top of page

OCD can change the relationship with the self

Seven years ago I attended a talk by David Adam. He recounted his journey as someone suffering with obsessive compulsive disorder and he blew me away. His level of insight and knowledge of what he calls his strange thoughts and the level of anxiety that they produce left a long lasting impression on me and influenced the way that I work.

For anyone interested in OCD, his book - ‘the man who couldn’t stop’ is essential reading.

OCD can change the relationship with the self. Having ‘bad’ thoughts or compulsive urges does not mean that the sufferer is bad, or should be perceived as such. Disturbing thoughts do not mean the person wants to act on them. The fact that the person finds them disturbing is a key to understanding the turmoil that the sufferer goes through. The thoughts are in opposition to the sufferers personality or usual behaviours. This then causes the sufferer to question who they are and can lead to an insecurity or anxiety of self (ontological insecurity).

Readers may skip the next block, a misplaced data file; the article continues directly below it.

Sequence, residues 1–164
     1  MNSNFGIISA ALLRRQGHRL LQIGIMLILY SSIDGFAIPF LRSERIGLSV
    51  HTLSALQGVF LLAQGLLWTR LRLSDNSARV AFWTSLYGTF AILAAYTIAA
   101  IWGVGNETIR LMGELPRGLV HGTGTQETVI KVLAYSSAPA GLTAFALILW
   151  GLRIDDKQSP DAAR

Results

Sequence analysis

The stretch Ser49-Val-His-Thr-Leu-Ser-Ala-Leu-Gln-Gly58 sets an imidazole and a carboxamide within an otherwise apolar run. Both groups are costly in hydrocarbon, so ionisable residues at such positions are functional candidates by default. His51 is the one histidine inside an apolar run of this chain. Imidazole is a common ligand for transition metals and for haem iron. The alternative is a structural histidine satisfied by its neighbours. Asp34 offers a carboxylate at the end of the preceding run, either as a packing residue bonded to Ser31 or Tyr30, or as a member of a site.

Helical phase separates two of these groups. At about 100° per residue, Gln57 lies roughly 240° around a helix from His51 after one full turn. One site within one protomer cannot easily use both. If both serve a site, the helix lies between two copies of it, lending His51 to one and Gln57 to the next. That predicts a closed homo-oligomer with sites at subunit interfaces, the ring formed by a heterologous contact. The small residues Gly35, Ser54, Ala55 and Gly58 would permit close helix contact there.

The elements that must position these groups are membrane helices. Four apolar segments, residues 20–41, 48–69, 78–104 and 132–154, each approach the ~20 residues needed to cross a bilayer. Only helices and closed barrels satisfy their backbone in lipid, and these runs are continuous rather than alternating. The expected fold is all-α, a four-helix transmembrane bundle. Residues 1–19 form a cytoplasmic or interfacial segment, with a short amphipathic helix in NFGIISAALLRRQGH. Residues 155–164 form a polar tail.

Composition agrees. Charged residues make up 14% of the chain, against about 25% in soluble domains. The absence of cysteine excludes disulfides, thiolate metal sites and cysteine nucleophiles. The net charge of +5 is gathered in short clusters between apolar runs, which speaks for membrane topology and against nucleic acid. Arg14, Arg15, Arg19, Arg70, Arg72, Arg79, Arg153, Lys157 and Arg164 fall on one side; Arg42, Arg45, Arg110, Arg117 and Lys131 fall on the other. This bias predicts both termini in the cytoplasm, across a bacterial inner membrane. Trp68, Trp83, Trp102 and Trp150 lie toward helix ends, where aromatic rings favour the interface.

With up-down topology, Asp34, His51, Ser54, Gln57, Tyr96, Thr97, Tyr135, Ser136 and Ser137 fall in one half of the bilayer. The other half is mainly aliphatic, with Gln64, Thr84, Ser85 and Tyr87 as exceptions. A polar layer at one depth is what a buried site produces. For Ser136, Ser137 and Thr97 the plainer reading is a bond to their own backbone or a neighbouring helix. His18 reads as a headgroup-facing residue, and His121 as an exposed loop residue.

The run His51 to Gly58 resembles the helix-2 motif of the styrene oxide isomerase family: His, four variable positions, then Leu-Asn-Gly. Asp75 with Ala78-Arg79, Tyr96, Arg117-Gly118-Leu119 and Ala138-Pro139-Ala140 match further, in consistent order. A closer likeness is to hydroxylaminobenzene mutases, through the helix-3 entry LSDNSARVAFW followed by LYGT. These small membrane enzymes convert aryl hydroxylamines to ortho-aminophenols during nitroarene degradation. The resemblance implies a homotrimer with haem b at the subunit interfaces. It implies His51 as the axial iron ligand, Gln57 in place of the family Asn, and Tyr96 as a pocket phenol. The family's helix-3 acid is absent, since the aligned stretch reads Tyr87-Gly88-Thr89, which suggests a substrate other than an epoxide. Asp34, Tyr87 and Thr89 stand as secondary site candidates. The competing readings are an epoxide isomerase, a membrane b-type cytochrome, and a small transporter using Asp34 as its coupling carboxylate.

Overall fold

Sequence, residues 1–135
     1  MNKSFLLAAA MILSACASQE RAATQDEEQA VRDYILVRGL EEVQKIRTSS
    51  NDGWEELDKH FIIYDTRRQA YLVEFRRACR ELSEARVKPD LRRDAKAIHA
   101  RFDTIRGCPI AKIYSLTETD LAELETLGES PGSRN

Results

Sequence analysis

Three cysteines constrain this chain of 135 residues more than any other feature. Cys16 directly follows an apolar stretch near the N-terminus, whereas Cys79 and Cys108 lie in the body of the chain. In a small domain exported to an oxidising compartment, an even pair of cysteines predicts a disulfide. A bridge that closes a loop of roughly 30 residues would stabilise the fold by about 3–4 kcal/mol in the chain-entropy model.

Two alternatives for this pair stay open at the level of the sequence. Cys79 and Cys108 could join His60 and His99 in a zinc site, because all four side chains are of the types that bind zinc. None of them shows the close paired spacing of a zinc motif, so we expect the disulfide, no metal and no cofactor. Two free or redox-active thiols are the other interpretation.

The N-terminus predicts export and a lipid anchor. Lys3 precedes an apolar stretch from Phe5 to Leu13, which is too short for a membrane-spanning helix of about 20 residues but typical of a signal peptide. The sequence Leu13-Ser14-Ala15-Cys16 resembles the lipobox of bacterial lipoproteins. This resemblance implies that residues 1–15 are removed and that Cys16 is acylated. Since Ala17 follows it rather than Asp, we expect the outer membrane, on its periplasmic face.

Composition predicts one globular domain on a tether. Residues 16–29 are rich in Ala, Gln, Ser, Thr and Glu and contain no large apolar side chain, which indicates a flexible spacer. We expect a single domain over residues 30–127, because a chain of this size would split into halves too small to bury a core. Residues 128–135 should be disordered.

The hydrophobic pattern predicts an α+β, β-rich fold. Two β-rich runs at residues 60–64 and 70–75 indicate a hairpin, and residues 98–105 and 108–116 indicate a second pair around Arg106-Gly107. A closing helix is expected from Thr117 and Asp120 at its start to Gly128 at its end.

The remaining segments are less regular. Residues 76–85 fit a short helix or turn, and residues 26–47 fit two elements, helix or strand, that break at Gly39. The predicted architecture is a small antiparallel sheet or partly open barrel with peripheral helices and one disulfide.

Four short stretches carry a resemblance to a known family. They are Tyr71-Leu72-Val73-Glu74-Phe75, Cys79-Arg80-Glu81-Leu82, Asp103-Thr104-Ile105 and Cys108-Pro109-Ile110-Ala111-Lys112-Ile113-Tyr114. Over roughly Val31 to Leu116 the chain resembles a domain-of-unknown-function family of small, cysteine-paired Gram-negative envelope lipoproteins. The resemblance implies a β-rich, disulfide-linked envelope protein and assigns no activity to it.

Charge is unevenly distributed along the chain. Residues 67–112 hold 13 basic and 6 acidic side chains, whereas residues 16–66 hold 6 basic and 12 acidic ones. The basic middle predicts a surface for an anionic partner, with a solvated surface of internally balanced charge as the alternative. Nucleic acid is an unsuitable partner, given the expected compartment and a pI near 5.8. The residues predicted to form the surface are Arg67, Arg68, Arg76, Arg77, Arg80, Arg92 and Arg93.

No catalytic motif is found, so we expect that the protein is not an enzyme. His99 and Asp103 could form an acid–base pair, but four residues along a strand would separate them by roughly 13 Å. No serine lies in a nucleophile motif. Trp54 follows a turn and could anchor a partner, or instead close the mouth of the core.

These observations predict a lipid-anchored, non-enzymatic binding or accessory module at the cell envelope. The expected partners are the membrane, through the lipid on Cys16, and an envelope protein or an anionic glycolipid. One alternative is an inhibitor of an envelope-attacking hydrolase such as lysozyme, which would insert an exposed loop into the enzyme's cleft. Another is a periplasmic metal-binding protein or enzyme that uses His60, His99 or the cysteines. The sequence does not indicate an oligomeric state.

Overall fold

We all have a cognitive idea generator which helps us to solve problems, and use our imagination to be creative in an uncensored way. With OCD, this brainstorming becomes obsessional and irrational with triggers resulting from anything and anywhere.

You don’t have to be alone with these thoughts.


bottom of page